The Supreme Court, in the case of Government of India Th: Secy. and anr. Vs. Ravi Prakash Gupta and anr. decided on 07.07.2010 made an interpretation of section 32 and 33 of the Persons With Disabilities (Equal Opportunities, Protection of Rights and full participation) (“PWD”) Act, 1995 dealing with identification of posts and reservation of seats in government jobs for disabled respectively. The Court opined that though it is true that no appointments from the reserved categories can be made unless posts are identified by appropriate government yet reservation to disabled is available in spite of posts not being identified by the government.-.
Ravi Prakash Gupta, a visually challenged person had appeared for the civil services examination conducted by the Union Public Service Commission UPSC and was declared successful. However, he was not given an appointment even though he was at Sl. No. 5 in the merit list of visually impaired candidates. Ravi Prakash Gupta first approached the Central Administrative Tribunal which refused his application and hence he approached the Delhi High Court. The high court observed that a clear vacancy was available to which Ravi Prakash Gupta could be accommodated on the basis of his position in the merit list, and hence an appropriate appointment letter be issued in order to appoint him to one of the reserved posts. This decision was challenged by Government of India before the Supreme Court.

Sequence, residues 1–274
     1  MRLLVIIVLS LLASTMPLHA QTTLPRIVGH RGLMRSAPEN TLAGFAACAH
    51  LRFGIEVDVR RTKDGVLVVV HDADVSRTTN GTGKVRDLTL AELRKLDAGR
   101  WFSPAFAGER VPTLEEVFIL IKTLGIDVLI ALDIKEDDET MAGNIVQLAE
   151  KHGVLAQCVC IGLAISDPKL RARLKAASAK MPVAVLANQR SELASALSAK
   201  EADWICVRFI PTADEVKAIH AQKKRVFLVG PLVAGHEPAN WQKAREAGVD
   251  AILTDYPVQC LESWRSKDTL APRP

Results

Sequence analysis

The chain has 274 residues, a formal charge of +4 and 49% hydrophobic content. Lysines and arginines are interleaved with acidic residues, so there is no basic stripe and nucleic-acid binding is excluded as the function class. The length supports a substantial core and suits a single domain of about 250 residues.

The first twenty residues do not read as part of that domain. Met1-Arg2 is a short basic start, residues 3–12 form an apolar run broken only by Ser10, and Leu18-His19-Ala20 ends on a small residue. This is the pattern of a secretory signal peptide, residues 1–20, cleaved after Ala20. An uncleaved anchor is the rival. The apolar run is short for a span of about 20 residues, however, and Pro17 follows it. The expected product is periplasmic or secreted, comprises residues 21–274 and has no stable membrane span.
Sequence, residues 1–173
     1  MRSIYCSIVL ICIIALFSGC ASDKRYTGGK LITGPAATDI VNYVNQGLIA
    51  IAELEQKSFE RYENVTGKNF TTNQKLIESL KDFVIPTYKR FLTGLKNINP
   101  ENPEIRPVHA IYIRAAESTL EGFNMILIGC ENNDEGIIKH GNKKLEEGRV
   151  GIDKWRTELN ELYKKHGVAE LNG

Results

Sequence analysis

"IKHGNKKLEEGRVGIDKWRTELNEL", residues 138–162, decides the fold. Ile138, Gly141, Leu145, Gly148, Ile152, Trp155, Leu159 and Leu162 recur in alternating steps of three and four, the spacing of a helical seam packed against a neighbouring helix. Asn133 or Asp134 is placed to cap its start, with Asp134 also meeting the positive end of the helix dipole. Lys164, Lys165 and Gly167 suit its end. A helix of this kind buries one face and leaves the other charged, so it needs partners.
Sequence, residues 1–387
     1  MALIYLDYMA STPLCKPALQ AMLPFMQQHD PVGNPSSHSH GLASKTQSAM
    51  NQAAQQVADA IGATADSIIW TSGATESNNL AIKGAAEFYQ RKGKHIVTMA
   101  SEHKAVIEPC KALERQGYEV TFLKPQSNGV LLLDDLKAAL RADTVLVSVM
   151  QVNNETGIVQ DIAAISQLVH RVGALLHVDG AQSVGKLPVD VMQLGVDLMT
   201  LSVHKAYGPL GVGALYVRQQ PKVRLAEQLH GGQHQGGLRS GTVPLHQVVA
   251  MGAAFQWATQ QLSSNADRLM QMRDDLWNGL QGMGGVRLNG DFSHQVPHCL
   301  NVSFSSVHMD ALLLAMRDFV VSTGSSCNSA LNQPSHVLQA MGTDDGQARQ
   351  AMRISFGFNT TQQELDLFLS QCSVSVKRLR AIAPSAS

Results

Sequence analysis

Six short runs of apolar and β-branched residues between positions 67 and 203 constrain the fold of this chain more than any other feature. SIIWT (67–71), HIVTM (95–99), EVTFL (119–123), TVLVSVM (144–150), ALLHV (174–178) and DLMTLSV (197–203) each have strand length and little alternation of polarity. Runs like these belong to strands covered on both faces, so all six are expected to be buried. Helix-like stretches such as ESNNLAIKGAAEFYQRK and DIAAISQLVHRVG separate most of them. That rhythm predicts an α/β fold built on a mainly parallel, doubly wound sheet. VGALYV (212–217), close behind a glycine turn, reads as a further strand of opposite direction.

While delivering its judgement, the Supreme Court stated that it is only logical that, as provided in section 32 of the PWD Act, posts have to be identified for providing reservation for the purposes of section 33-, but such identification was meant to be simultaneously undertaken with the coming into operation of the PWD Act, to give effect to the provisions of section 33. The legislature never intended the provisions of section 32 of the PWD Act to be used as a tool to deny the benefits of section 33 to the disabled persons. The Supreme Court thus upheld the judgement of High Court and declared that the judgement of the High Court required no interference.